Review: The Nightingale of Kristin Hannah

I wanted to read this book for a long time, but somehow other books were prioritized first. The book was gifted to me quite awhile ago, so I figured it was time to read it now. Find out below what I thought of the book!

Book Cover

“With courage, grace, and powerful insight, bestselling author Kristin Hannah captures the epic panorama of World War II and illuminates an intimate part of history seldom seen: the women’s war. The Nightingale tells the stories of two sisters, separated by years and experience, by ideals, passion and circumstance, each embarking on her own dangerous path toward survival, love, and freedom in German-occupied, war-torn France—a heartbreakingly beautiful novel that celebrates the resilience of the human spirit and the durability of women. It is a novel for everyone, a novel for a lifetime.”

The Story

The book begins in the year of 1995, despite of it being a historical fiction book (although, when you think about it, 1995 is quite historical already ;). A French American woman looks back on her life and the secret she kept from her son. We do not know who the woman is, when the story jumps back to wartime.

The story focuses on two sisters: Vianne and Isabelle. Vianne lives with her husband and daughter (Sophie). Isabelle is the rebel of the two, she has the habit of running away (a lot). They are not close and their different personalities lead to two different paths during the war. However, they both face tragedy and adversity and on the other hand, they experience heroism, love and compassion. The story develops slowly in my opinion, but when you get to the end, you will not be able to stop reading and you feel so much empathy towards these two sisters.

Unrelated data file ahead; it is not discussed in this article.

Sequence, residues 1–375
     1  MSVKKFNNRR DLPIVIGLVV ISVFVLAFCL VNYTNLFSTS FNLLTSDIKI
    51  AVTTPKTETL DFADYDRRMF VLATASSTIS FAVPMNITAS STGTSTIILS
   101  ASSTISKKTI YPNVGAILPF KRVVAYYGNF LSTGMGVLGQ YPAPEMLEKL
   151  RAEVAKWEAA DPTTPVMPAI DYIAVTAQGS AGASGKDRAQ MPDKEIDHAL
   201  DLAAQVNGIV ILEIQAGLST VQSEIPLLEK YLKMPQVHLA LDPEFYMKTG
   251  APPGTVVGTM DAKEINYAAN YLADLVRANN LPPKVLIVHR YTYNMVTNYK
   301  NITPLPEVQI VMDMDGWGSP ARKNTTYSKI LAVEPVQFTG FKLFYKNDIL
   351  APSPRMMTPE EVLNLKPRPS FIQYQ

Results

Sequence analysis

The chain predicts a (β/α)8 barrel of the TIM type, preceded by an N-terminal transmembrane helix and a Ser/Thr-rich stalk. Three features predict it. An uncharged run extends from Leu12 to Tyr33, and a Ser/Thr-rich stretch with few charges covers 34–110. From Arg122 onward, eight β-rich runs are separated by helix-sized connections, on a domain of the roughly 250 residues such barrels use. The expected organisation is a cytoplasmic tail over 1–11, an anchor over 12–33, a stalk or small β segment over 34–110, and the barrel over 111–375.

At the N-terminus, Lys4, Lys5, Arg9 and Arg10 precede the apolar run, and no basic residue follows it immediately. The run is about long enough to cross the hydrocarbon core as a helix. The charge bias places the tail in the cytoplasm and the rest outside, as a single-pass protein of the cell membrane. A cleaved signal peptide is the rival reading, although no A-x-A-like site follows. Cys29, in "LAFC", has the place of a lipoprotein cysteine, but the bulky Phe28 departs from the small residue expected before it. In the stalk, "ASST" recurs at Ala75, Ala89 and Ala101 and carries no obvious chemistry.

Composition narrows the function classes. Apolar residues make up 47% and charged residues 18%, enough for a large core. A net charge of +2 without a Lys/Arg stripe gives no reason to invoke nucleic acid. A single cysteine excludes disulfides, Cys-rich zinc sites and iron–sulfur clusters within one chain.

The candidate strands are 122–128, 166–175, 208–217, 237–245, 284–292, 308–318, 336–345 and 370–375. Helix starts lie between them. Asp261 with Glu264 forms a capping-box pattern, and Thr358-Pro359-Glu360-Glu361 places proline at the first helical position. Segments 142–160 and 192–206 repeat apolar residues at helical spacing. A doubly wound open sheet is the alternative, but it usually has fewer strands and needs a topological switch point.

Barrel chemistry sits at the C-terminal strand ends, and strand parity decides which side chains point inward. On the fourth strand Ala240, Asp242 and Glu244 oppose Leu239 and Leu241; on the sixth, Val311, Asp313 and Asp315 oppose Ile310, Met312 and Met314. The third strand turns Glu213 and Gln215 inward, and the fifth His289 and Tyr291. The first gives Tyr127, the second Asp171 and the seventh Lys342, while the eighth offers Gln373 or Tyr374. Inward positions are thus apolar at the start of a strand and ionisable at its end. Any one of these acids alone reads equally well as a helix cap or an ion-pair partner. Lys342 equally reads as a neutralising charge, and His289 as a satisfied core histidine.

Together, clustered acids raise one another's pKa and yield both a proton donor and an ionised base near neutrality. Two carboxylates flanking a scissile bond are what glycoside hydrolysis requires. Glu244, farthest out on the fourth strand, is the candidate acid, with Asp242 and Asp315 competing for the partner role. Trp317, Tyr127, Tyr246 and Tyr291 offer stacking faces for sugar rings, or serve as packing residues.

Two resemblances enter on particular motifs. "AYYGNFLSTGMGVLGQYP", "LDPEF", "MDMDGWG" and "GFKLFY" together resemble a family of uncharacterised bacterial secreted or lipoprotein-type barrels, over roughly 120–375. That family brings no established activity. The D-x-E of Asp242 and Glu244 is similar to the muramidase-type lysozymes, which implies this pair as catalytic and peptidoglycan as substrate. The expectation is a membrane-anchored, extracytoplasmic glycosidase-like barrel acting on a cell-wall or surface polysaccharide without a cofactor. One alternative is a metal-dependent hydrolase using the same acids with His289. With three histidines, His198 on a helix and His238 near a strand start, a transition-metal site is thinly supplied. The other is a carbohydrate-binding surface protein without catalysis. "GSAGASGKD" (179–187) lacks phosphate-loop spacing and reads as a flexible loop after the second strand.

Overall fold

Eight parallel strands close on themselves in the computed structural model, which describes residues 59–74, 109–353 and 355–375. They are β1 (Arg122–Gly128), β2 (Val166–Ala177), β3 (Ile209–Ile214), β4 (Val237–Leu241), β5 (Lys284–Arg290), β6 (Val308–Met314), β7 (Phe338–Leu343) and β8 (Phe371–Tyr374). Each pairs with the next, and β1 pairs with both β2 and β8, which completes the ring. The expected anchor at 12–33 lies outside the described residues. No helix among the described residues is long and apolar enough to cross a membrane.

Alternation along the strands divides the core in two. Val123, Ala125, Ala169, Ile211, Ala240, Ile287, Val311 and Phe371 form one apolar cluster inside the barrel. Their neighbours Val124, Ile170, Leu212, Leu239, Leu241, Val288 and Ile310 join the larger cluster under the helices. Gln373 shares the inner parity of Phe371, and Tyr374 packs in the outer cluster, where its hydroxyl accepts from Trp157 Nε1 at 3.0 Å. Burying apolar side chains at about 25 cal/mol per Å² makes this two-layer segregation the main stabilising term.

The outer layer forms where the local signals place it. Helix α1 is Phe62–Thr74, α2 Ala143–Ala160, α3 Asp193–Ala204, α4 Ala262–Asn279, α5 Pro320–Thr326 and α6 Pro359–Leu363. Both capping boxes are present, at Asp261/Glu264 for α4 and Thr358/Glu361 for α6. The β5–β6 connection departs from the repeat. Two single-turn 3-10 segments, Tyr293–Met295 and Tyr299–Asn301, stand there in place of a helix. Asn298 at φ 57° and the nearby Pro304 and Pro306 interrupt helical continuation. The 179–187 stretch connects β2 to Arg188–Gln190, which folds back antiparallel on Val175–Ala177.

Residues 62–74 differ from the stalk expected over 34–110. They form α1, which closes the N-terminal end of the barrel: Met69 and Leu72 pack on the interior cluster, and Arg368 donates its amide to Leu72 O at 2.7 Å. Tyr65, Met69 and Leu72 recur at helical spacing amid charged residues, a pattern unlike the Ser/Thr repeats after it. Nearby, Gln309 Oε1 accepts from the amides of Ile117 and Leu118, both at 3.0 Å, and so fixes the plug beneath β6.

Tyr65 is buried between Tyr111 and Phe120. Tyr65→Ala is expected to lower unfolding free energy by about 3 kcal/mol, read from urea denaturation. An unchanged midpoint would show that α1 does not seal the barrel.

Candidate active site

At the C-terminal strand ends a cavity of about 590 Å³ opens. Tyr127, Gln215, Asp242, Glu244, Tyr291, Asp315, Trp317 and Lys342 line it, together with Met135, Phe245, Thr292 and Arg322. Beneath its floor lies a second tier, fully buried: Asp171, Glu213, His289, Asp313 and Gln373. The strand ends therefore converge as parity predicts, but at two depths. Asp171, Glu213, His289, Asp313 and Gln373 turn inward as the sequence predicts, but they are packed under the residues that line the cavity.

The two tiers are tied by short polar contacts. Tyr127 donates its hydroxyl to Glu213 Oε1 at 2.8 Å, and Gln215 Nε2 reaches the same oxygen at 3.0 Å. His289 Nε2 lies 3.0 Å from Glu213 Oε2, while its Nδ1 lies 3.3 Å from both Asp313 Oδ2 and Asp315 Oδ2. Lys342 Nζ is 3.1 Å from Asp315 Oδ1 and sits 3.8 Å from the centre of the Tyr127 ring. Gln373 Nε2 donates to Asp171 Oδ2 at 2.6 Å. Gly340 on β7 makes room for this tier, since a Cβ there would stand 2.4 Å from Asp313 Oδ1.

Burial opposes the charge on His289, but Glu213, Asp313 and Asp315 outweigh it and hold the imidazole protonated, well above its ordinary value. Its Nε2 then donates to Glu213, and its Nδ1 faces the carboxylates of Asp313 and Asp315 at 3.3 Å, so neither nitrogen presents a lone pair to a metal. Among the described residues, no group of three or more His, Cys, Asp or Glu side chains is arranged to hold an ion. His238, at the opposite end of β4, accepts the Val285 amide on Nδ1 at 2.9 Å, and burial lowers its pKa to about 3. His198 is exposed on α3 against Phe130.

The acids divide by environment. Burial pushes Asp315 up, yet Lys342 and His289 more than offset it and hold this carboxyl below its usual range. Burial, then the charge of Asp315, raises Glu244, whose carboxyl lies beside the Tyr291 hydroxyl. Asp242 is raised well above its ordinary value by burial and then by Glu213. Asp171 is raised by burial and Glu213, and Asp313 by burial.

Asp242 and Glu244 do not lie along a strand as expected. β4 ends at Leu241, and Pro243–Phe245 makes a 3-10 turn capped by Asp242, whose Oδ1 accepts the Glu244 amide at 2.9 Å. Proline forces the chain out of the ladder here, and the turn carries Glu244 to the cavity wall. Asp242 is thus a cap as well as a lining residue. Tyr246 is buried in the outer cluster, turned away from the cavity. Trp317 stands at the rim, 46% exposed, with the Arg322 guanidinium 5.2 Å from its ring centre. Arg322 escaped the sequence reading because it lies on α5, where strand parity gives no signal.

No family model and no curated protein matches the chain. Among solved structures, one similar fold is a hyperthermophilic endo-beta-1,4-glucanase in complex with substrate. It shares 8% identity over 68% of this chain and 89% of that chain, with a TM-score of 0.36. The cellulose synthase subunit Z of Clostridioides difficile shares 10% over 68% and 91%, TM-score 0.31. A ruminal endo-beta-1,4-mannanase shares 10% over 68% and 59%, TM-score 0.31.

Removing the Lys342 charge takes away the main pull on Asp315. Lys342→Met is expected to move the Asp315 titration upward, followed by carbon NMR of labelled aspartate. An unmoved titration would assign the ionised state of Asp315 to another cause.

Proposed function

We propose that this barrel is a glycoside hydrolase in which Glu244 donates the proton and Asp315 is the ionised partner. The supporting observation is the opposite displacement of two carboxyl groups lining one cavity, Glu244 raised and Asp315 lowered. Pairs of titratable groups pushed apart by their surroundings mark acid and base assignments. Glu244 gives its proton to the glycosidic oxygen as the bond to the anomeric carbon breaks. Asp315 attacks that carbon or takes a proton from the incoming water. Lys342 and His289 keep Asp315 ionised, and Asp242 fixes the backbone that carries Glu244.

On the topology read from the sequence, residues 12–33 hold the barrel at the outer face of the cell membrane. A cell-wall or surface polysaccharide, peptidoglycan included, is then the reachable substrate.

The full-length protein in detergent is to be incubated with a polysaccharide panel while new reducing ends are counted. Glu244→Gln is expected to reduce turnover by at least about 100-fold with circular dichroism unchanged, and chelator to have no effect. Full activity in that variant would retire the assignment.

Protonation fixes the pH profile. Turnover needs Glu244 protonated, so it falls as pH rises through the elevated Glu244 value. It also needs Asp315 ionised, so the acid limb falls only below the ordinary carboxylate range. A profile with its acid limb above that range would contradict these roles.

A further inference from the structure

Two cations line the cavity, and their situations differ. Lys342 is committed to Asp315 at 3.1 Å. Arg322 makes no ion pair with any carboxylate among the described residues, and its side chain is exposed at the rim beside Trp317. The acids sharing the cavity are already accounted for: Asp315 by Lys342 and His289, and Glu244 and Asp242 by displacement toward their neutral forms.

My opinion

This book was one tough pill to get through. I honestly almost stopped reading, but I gave it a chance by speedreading the first 250 pages or so and then all of a sudden everything changed. The characters got real interesting and “real” while they lived through tragedies and downright heroism.

I think the book is too descriptive, which leads away from the story. I really started liking the book when the focus turned to the events and character development instead of the “meadow with pink, red, blue, purple, yellow, purple-yellowish, red-blueish, white and green flowers on which the sun shone and the wind blew and people walked with foot size X and and” (obviously not an actual quote). Despite this, the book really got a hold of me, and you really feel for the characters as they face life with the dangers of war.

I had rather seen that the character at the end of the book was someone else than it turned out to be, but I will not go to deep into that because I don’t want to give away spoilers. If you’d like to share your opinion on this matter, feel free to e-mail us.


The book gets interesting slowly, but when it is interesting it is really interesting. I could not put the book away after 250 pages. It is not the best fiction book I read about the Second World War, however I do recommend it!


Written by Roos Bergers